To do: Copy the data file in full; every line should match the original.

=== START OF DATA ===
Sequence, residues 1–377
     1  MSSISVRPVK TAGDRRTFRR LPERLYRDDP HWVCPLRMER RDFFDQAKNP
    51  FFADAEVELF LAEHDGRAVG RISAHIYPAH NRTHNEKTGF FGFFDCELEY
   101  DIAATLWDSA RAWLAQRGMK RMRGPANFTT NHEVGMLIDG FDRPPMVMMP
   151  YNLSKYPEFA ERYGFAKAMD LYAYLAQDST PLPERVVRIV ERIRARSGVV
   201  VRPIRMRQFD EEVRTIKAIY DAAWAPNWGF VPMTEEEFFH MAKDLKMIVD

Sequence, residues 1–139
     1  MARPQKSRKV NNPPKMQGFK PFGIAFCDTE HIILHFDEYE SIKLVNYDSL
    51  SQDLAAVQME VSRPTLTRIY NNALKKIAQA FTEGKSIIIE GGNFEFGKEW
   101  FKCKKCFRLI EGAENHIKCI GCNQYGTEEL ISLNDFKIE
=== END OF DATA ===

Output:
Sequence, residues 1–377
     1  MSSISVRPVK TAGDRRTFRR LPERLYRDDP HWVCPLRMER RDFFDQAKNP
    51  FFADAEVELF LAEHDGRAVG RISAHIYPAH NRTHNEKTGF FGFFDCELEY
   101  DIAATLWDSA RAWLAQRGMK RMRGPANFTT NHEVGMLIDG FDRPPMVMMP
   151  YNLSKYPEFA ERYGFAKAMD LYAYLAQDST PLPERVVRIV ERIRARSGVV
   201  VRPIRMRQFD EEVRTIKAIY DAAWAPNWGF VPMTEEEFFH MAKDLKMIVD

Sequence, residues 1–139
     1  MARPQKSRKV NNPPKMQGFK PFGIAFCDTE HIILHFDEYE SIKLVNYDSL
    51  SQDLAAVQME VSRPTLTRIY NNALKKIAQA FTEGKSIIIE GGNFEFGKEW
   101  FKCKKCFRLI EGAENHIKCI GCNQYGTEEL ISLNDFKIE